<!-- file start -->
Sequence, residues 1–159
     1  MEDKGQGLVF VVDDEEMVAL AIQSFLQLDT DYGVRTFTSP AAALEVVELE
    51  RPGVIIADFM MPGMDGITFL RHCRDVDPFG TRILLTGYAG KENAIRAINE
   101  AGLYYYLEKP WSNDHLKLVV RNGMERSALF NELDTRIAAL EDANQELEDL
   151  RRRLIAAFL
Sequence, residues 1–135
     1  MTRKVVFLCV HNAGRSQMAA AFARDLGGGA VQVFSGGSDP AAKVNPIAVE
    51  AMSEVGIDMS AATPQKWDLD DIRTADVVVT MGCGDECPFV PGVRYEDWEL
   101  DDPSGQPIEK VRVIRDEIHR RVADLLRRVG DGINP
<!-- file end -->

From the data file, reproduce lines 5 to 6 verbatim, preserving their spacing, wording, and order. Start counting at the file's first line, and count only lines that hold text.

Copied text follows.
   151  RRRLIAAFL
Sequence, residues 1–135